Can it be the still small Voice of the Spirit?

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God speaks to us through the word of God, the Bible. This word is immutable and true. All our experiences and knowledge cannot stand up against its authority. Under its light, God speaks to us through our experiences and situations. Under its light, God speaks to us very clearly through the words of an anointed preacher. Under its light, God speaks through the spiritual songs we sing. Under its light, God speaks to us through good examples and even through bad examples and models. Under its light, God speaks to us through our conscience.

It is this last method that I want to focus on today.

I feel that as I have grown in the Lord over the years, the voice of my conscience has grown louder. So loud, that I sometimes wonder if it is in fact a means that the Holy Spirit within me uses to nudge me towards living more economically for the Lord, especially time wise. For instance, if having just read both national and world news at nzherald.co.nz, I am waiting for the cnn.com site to open, I might hear my conscience tell me, “There is no need.”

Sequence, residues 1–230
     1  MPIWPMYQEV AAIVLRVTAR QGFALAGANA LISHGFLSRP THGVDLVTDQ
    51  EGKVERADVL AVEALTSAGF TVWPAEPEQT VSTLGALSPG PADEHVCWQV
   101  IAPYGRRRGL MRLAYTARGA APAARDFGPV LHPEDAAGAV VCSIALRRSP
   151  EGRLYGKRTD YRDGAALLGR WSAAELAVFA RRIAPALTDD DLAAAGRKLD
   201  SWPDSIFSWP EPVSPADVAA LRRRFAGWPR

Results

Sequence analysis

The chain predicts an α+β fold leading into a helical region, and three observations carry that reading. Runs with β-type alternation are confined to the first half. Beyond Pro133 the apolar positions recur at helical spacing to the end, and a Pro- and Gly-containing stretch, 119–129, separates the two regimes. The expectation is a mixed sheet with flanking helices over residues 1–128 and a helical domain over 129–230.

What is this gentle command? It could of course be the result of a mind that has long been programmed to think in a certain way. Fair enough, so it could, and I will not listen to this voice if it contradicts the scriptures. But so far, it never has. Rather it consistently, and gently, alerts me when I am wasting time or doing something that is in the ‘permissible but not profitable’ category. Sometimes, sadly, I hesitate to obey. In the example I just mentioned, I might wait for the CNN site to open, as if responding with a, “I’ll just see the headlines and close the window.”

Interestingly, in a study on the Song of Solomon, Zac Poonen mentions a similar hesitation: